Due to its constitutional and legal system, Germany is different from a number of other countries around the world. Measures fighting the spread of COVID-19 in Germany cannot be taken at the central government level in Berlin (Bundesregierung) but have to be taken by the governments of the 16 states (Landesregierungen), which constitute the Federal Republic of Germany.

However, in recent days the Prime Ministers of the 16 German states have coordinated their action closely with each other and with the central German government.

Alongside such preventive measures the central German government has adopted measures providing financial assistance and other assistance to enterprises on a number of levels, including in particular (i) unlimited liquidity assistance and state guarantees within the scope of the generally approved Federal Budget for such measures of EUR 460 bn plus an additional COVID-19 triggered amount of EUR 93 bn, (ii) tax related reliefs, (iii) short time working allowances (Kurzarbeitergeld), (iv) export credit finance, (v) suspension until at least 30 September 2020 of otherwise existing obligations to file for insolvency and (vi) plans to establish a EUR 40bn COVID-19 Federal Solidarity Fund.

Measures fighting the spreading of COVID-19

Measures adopted by the 16 state governments (Landesregierungen) fighting the spread of COVID-19 are in a number of ways different from measures in other countries because of strict German constitutional constraints on what governments and administrative authorities can order to be done. In particular, the principle of the rule of law (Rechtsstaatsprinzip) and the principle of proportionality (Verhältnismäßigkeitsgrundsatz) require a specific limit as to the time and scope of any adopted measures.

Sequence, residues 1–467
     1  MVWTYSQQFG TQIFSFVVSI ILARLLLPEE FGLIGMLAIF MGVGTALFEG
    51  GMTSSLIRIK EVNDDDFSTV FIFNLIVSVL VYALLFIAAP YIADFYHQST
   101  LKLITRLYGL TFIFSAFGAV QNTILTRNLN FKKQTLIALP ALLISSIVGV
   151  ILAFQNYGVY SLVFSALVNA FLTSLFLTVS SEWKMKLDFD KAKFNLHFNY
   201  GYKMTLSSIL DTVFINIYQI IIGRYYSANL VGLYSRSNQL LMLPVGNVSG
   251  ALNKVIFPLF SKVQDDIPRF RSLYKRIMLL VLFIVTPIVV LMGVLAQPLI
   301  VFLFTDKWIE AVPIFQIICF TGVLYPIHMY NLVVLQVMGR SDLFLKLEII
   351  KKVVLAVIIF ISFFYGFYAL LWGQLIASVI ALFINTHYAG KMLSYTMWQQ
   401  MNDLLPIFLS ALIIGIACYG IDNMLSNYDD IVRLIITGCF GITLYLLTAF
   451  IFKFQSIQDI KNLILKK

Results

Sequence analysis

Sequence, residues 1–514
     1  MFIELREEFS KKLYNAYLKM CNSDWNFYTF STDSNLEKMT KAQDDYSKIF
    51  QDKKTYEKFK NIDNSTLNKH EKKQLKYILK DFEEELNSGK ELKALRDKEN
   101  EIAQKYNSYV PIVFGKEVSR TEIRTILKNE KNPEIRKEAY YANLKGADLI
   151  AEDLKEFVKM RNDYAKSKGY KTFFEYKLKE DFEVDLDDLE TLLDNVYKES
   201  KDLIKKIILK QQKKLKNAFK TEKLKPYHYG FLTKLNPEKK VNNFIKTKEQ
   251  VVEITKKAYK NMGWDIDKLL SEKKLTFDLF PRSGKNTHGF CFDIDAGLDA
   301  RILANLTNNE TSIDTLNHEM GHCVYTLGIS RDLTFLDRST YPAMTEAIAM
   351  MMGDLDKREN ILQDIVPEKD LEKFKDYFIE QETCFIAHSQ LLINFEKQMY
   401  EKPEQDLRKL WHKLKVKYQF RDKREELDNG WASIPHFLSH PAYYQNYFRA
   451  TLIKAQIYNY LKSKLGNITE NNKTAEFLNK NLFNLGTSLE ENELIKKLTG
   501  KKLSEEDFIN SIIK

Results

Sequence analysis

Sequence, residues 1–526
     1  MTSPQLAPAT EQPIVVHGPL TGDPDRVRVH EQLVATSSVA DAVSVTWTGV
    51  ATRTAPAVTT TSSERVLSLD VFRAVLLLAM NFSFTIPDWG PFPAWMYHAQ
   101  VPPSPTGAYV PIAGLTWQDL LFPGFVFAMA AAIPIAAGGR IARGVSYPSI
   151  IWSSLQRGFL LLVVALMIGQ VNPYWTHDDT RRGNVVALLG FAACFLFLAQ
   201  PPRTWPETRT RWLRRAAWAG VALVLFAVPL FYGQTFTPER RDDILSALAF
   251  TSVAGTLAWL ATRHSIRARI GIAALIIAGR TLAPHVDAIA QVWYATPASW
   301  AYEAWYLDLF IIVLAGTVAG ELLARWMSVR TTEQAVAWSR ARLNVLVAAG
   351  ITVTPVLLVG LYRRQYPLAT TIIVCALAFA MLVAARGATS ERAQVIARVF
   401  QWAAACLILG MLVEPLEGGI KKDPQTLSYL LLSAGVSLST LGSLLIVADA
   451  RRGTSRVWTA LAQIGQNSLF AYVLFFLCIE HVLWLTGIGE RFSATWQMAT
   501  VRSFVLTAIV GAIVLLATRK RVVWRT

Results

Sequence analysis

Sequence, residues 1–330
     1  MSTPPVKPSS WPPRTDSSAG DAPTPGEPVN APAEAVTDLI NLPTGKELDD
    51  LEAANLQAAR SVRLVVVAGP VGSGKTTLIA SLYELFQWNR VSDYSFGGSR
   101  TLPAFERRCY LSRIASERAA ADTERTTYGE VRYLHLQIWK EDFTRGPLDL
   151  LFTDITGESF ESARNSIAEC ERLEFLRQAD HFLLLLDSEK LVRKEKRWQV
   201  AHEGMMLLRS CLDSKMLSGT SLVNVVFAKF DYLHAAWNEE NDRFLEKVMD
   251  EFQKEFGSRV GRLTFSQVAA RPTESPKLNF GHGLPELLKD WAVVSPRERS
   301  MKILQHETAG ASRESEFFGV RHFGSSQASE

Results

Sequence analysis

As of 18 March 2020 there is neither a general travel ban, nor the closing of cities or areas nor a general quarantine in Germany.

Measures adopted as at 18 March 2020 in the State of Hessen, (in which the city of Frankfurt am Main is situated and which will be used for the purposes of this blog post as reference state) include:

  1. Requiring staff of critical industries and services like police forces, military staff, fire fighters, medical and pharmaceutical staff, and staff of water, energy and communication facilities, which have been in High Risk Countries in the last 14 days to self-isolate for 14 days. High Risk Countries currently include Italy, Iran, China (Province of Hubei), South-Korea (Province of Gyeongsangbuk-do (North-Gyeongsang)), France (Region Grand Est), Austria (State of Tirol), Spain (Madrid), USA (States of California, Washington, and New York).
  2. Prohibiting anyone who has been in a High Risk Country in the last 14 days from accessing specifically protected locations like hospitals, doctor’s offices, nursing homes, retirement homes, schools, childcare centers and other listed institutions.
  3. Shutting schools and childcare centers (Kindergarten).
  4. Prohibiting any private and public events and meetings involving 100 or more people.
  5. Closing down any leisure related events, stores and markets (e.g. sport events, concerts, cinemas, play grounds, bars, clubs, theaters), but expressly excluding critical infrastructure/services such as foods stores, pharmacies, and banks, amongst others. The traditional German Sunday closures (Sonntagsverkaufsverbote) relating to those critical providers are suspended. Restaurants and hotels remain open, subject to social distancing measures, and must close by 6pm.. Hotels are not available to tourists and some of the 16 German states and regions have banned travelling for tourism in general.

In addition to the above, there had also been unilateral decisions of the German central government to (i) prohibit the export of certain medical devices and (ii) to increase controls (but not to lock down travel in general) at the borders with Austria, Denmark, France, Luxembourg and Switzerland. The unilateral German export control has now been replaced by the EU Commission Implementing Regulation 2020/402 of 14 March 2020 controlling, for a period of six weeks, the export of certain medical devices to non-Union countries. Whether exports to the United Kingdom are still allowed, is not entirely clear, but it is likely that such exports to the UK continue to be allowed until 31 December 2020 pursuant to the rules of the Withdrawal Agreement. The issue of increasing controls at internal borders within the EU is subject to guidelines issued by the European Commission in order to safeguard the functioning of the internal market. Insofar as the European Union’s external borders are concerned, strict border controls and entry bans have been adopted for non-EU nationals (with UK nationals currently being exempted from such measures).